Deaths from auto accidents related to distracted driving are nothing new and have been making headlines for years. The federal government is looking at ways to penalize drivers for using things like cell phones and texting while driving. So far, there is no federal ban for the masses against distracted driving, but several states have made their own laws that ban driving and using a cell phone or texting.
Whether or not the police in areas where bans are in effect can catch drivers using their phones is a point of debate. Some people claim that driving and talking on a mobile phone using hands free technology like OnStar from GM or Sync from Ford is just as distracting as holding a phone and talking while you drive.
Transportation Secretary Ray LaHood has stated that the NHTSA will not at this time seek any ban on hands free technology while driving. However, LaHood notes that the NHTSA is investigating whether features like OnStar and Sync pose a “cognitive distraction” to users. If the research the NHTSA is performing proves that these hands free systems are a distraction more regulations could be imposed.
LaHood said, “We base our solutions on data, and before I or anyone else gets up and starts talking about ‘hands-free this’ or ‘hands-free that,’ or Sync or whatever, we want to have good data to back it up.”
LaHood said that a study that the NHTSA conducted last year found that over 5,500 people died in 2009 in accidents that were a direct result of distracted driving. Ford and OnStar maintain that their hands free systems allow the driver to use their mobile phone in a safer manner with fewer distractions.
Ford’s Alan Hall said, “Drivers are going to have conversations on the phone, read maps and directions, and listen to their MP3 player while they drive. Ford Sync helps them perform these tasks safer.”
GM has noted that it has no evidence that suggests crashes increase when drivers use OnStar hands free features. LaHood said, “Until we have some good data on some of these systems, which we’re studying right now, we can’t really say for certain.”
Consumer Reports would agree that MyFord Touch that works with Sync on some Ford vehicles is a confusing and distracting system. Ford is offering classes at some dealers to teach buyers how to work the MyFord Touch system and Sync.
ZoomSafer, developer of safe driving software for mobile phones, has raised an additional $1.1 million round of financing from White Birch Capital and SugarOak Holdings, bringing the company’s total capital raised to $3.35 million.
ZoomSafer provides risk management software to control and prevent employee use of mobile phones to text, email or browse the web while driving, which it says one of the most difficult challenges fleet operators face today.
For fleets equipped with smartphones, FleetSafer Mobile delivers an active policy enforcement solution that automatically prevents employees from texting, emailing or browsing the web while driving. For fleets equipped with any other type of mobile phone, the company also offers a cloud-based analytics service that enables companies to empirically measure employee use of phones while driving, with no on-device software required.
Driving with a cell phone might become a serious violation for teenagers younger than 17. A proposed bill will make any cell phone use while driving a primary offense for minors. The bill passed a Senate committee Monday and will now move to the Senate floor.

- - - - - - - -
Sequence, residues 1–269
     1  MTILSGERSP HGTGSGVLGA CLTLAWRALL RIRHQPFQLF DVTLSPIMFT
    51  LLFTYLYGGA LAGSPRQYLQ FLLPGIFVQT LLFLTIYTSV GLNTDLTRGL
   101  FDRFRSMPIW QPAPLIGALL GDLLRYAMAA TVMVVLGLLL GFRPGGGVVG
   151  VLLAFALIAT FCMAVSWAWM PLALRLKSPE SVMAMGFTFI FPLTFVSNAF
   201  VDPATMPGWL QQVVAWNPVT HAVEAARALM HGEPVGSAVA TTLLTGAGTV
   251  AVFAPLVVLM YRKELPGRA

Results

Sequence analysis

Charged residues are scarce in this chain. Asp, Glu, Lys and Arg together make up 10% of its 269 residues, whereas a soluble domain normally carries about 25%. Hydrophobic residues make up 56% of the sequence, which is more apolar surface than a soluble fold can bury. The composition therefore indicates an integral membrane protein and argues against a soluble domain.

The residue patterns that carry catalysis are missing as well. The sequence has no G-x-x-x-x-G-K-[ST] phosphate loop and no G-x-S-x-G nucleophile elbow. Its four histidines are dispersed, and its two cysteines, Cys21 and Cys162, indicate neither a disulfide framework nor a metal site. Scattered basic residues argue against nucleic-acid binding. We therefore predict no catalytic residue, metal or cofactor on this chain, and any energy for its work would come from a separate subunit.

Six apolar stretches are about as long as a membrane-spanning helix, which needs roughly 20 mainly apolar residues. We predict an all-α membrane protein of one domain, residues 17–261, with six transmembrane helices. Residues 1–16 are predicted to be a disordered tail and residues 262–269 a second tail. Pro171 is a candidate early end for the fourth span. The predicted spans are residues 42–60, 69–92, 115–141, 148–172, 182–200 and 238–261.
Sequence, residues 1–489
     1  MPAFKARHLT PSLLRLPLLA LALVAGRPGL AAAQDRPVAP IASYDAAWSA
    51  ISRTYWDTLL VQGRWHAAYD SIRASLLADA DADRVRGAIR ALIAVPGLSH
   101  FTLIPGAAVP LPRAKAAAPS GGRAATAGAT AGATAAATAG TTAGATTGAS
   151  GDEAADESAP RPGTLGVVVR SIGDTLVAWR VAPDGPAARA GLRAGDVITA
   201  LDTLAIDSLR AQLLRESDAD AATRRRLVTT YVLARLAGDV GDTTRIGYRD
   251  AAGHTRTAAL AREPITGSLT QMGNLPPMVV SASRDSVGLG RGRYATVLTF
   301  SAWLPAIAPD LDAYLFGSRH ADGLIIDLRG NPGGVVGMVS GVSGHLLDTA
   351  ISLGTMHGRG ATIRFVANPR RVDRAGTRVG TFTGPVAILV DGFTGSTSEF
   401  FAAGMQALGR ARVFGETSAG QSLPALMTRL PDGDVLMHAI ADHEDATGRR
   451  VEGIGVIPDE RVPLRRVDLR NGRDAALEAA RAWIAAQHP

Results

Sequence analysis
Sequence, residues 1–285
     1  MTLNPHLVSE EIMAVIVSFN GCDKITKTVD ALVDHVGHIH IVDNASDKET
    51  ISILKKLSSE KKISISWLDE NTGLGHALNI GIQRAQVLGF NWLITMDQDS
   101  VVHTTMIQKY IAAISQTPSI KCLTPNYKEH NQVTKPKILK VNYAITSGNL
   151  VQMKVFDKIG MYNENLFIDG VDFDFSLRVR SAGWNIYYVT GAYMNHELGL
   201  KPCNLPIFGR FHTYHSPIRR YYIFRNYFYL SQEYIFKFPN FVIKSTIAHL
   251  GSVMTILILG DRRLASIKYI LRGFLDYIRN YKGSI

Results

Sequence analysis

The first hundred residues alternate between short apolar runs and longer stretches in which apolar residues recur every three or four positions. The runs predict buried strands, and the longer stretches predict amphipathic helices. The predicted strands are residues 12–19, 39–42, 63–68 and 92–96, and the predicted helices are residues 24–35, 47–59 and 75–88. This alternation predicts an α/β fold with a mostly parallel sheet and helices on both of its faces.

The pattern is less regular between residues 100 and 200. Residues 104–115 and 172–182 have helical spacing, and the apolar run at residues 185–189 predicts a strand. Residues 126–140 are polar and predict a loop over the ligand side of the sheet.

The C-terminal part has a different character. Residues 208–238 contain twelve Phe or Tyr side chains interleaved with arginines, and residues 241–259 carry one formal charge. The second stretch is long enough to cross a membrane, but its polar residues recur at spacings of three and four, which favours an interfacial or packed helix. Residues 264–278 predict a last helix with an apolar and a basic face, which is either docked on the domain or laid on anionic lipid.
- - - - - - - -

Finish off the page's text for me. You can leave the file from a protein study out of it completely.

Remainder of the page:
The proposed consequence for the bill would be a $50 fine, though no points will be added to the driver’s record.
Sen. Ross Romero, D-Salt Lake City, who is sponsoring the bill, said the main reasoning behind the bill is that teenagers’ brains are still developing.
The cognitive part of the brain that makes judgments is not yet reliable with teenagers, said Roylane Fairclough, a representative for AAA. Operating a vehicle while talking on the phone can be overwhelming, she said.
Drivers who are 18 or younger account for seven percent of the license holders in the state, but are involved in 22 percent of accidents, Fairclough said.
The bill bans talking on both handheld and hands-free phones. Romero said the actual conversation with another person is what’s most distracting.
Minors driving while talking on a cell phone are currently guilty of a secondary offence, so they cannot be pulled over by a police officer solely for that offense. The bill would make it a primary offence, allowing police officers to pull over minors for cell phone use only.
Janet Brooks, a child advocate for Primary Children’s Medical Center, said the hospital endorses the bill.
“We do anything we can to protect the lives of teenagers,” Brooks said.
Ashley Bailey, a senior at Herriman High School, was one of many high school students who testified in front of the committee.
“I get very nervous on the road when there’s distracted driving,” she said. “I do see people with cell phones out and it definitely makes me worry.”
The Legislature passed a bill in 2009 that banned texting while driving for all ages. There are 30 other states that have passed a bill banning texting while driving. Utah would be one of two states to ban cell phone use for young drivers. The other state is Arkansas, where drivers 20 years old or younger are banned from cell phone use. There are five states that have banned cell phone use for all ages.
Palmer Township employees prohibited from using cell phones while driving Published: Monday, February 07, 2011, 8:56 PM Updated: Monday, February 07, 2011, 9:44 PM By Colin McEvoy | The Express-Times
Follow Share Email Print Express-Times File Photo | DAN CLERICOA Palmer Township public works vehicle in December 2010. Under a new township policy, employees will not be permitted to use cell phones while driving equipment like this.Palmer Township employees will no longer be permitted to use mobile phones while operating township vehicles.